Name: Jordan Moorhouse

Campaign website:

Age: 30

Family: Wife, Rebecca Moorhouse, two boys Quinton and Desmond

Occupation and previous relevant work experience: Realtor with Amherst Madison

Political experience, including campaigns: None

2017 campaign endorsements: Ty Palmer - Current member of Meridian City Council. Joe Palmer - Current Idaho Legislature

Have you ever filed bankruptcy for yourself or for your business? No

Have you been convicted of any misdemeanor or felony charges (traffic citations not included)? No

Why are you running for this office?

I grew up in Meridian and moved back here when my wife and I had our first son. We wanted to raise our children here and be apart of a wonderful community that helped raise me. I want to give back and serve the city that has given so much to me and my family. I want to continue the legacy of making Meridian one of the best places to live and raise a family in the United States.

What are the top three issues facing the city, and how will you address those issues?

Managing Infrastructure Issues - With the growth that has come to Meridian, a concern for many in the community has been traffic and the management of infrastructure within the city. I think it is important for city officials to work with the Ada County Highway District and the Idaho Transportation Department in open and transparent dialogue on solving these issues as a partnership that does not create a tax burden on land owners and the private sector.

Supply and demand issues in the local housing market - The low inventory and increasing housing demand has led to an increase in housing prices. I think it is important to work with the development and construction community and approve housing projects that will help with this demand.

Managing the City's Budget as the growth continues - It is important that the city continues its partnerships with other local government officials and the private sector to find cost effective solutions to our communities needs and concerns. The budget needs to continually be examined for unnecessary spending. Find solutions to budget needs that does not require the continuation of raising taxes and levies.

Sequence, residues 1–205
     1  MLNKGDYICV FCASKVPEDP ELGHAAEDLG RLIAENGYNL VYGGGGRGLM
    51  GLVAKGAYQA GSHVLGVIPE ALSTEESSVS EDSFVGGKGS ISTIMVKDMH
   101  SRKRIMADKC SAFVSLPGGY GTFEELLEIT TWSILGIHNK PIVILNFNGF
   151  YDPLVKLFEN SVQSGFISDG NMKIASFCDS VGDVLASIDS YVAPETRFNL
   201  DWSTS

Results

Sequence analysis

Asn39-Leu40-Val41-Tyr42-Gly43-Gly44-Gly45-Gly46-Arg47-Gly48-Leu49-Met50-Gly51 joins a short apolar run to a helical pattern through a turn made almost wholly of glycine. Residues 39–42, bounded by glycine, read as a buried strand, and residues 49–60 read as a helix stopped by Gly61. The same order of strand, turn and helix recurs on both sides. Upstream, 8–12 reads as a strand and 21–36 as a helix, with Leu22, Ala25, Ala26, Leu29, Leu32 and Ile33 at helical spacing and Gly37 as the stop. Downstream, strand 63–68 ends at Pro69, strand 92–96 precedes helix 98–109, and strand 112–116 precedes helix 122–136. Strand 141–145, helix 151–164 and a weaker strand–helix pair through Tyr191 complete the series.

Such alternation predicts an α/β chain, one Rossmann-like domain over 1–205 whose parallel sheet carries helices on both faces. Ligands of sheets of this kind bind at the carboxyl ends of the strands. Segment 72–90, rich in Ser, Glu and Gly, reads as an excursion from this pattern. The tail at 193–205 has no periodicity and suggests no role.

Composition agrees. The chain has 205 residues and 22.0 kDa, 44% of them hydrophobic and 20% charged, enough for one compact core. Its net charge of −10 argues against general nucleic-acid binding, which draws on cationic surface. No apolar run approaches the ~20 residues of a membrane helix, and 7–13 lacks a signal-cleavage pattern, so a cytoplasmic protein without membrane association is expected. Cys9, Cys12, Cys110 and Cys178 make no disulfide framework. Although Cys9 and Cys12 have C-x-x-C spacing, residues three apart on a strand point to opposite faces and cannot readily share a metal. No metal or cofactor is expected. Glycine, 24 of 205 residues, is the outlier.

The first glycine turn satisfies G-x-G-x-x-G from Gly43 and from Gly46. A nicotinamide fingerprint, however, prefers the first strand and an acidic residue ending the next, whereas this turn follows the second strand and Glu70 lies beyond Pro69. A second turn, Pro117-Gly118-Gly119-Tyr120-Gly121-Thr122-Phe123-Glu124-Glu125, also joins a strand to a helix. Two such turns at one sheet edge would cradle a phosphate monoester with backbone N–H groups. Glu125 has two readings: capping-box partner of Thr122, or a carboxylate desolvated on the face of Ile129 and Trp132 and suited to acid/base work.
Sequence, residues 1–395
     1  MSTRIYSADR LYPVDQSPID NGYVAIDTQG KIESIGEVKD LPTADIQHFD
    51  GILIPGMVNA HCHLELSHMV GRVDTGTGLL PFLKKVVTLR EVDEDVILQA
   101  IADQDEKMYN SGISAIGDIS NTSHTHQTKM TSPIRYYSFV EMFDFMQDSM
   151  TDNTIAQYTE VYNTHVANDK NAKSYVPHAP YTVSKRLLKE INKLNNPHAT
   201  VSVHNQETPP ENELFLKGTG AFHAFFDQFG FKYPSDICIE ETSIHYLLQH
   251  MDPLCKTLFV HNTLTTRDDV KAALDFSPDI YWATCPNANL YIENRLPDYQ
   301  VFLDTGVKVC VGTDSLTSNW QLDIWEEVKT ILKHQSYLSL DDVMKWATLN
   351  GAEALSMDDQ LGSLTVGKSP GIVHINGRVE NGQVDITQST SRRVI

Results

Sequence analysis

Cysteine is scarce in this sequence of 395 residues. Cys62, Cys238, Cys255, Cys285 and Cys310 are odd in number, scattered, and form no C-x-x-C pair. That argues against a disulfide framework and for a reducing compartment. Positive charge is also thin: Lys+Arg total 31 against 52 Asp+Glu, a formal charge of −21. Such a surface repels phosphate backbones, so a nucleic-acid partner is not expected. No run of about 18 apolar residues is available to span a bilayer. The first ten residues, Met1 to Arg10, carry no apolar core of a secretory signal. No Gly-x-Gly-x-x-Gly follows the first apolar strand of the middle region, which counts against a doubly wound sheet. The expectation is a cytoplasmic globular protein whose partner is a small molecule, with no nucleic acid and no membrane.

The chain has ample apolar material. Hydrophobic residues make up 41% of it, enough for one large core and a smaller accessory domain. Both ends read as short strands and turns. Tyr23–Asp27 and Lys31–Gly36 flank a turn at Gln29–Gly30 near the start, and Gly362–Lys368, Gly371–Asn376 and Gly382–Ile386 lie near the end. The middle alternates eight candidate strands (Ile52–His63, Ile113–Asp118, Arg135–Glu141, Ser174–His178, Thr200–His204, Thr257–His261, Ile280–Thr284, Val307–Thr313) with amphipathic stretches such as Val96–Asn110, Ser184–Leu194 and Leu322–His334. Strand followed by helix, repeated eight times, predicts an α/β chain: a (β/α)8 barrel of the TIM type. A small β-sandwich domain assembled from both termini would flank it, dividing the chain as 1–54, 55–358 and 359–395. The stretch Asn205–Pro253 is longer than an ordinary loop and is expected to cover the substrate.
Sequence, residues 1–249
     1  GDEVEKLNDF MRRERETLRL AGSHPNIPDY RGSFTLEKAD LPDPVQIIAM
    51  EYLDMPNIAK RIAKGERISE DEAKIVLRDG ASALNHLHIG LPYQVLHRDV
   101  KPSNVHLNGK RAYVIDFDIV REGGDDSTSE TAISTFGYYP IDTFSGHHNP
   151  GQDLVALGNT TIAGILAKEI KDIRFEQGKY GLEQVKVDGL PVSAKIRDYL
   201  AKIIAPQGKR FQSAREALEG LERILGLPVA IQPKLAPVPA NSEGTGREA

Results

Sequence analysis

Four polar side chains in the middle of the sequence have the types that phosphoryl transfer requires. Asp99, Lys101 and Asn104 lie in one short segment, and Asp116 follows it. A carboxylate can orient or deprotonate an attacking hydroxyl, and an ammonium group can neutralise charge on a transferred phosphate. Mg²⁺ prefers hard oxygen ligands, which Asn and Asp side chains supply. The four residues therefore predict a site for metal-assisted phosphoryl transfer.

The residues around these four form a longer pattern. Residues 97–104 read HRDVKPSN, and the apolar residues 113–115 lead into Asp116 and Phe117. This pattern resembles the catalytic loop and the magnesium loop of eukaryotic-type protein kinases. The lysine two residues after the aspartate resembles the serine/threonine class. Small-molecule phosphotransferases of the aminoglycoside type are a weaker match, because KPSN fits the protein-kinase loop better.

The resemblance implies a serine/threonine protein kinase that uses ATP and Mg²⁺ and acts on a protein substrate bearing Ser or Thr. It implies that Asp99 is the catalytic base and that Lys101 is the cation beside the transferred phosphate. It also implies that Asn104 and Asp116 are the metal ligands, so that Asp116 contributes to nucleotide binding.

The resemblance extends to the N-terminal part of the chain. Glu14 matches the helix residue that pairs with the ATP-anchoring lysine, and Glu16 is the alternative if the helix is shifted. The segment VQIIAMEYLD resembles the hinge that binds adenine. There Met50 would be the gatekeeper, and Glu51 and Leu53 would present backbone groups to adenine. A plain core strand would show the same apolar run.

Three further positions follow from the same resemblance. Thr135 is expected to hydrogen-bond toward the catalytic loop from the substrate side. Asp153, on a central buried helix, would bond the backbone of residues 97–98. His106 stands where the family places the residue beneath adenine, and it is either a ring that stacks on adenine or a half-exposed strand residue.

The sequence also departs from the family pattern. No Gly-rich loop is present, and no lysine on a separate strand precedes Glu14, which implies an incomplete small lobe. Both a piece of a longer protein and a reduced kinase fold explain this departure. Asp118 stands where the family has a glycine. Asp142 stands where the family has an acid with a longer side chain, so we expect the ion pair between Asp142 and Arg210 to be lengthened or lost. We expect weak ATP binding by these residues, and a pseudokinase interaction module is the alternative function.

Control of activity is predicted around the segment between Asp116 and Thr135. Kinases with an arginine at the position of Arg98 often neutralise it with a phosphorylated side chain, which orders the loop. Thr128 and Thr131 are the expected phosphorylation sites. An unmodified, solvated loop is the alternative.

Do you approve of the way Meridian has grown over the past 10 years? If so, please explain. If not, please explain what you would do differently as a City Council member.

Meridian has created a community that is one of the best places in the United States to live. The desire to live here continues to spread and people continue to come to this great city. I think this growth, while it has brought different challenges and issues has been a great thing. People have used their freedoms in our great country to move here and enjoy a standard of living that the city has helped promote and establish. I would work with our partners in the other government positions and the private sector to strengthen these relationships and find solutions associated with the growth.

Though Meridian doesn't manage roads or schools, how would issues of traffic congestion and school capacity influence your decision to approve or deny an annexation, rezone or comprehensive plan amendment?

Like previously mentioned, it is important to work with the other local government officials in their specific jurisdictions and developers to find cost effective solutions to the current concerns about traffic and the overcrowding of local schools. As we strengthen communication and transparency between these partners, we will manage the growth that will continue to occur. It is important that we work with property owners and developers to approve appropriate developments that will help with the demands of the private sector.

What is your stance on the city taking the allowable 3 percent property tax increase for the next budget year?

I disagree with the 3% increase on property taxes. I think the budget needs to be thoroughly looked at and unnecessary spending needs to be distributed to necessities before we raise property taxes. We need to work with local partnerships to find cost savings and cost effective solutions before taxes increase. Once tax burden increases on citizens very rarely does it go down.

Does Meridian need more affordable housing options? What is the City Council's role in this issue, if any?

Housing prices are dictated by the supply and demand of housing in the city. With very low housing inventory and a high demand for housing in the city, prices have continued to rise. New construction's prices have also increased with increasing wages in the construction trades, the price increases of raw materials needed and rise of land prices. I think for house prices to become more stable the city needs to approve housing developments that meet the demands of the community.

Does Meridian need more public transit options? What is the City Council's role in this issue, if any?

At this time I do not think Meridian is at a size where public transit is a cost effective solution for our traffic concerns. As growth continues I think city council needs to work with ACHD to find appropriate solutions without continually raising the tax burden to the community and the private sector.

Should the city put more resources toward services for the homeless and domestic violence victims? Why or why not?

The city should strengthen its partnerships with local charities and churches that provide services for both the homeless and domestic violence victims. I do not believe the city should put more resources toward these services but rely on the partnerships to provide the appropriate assistance.


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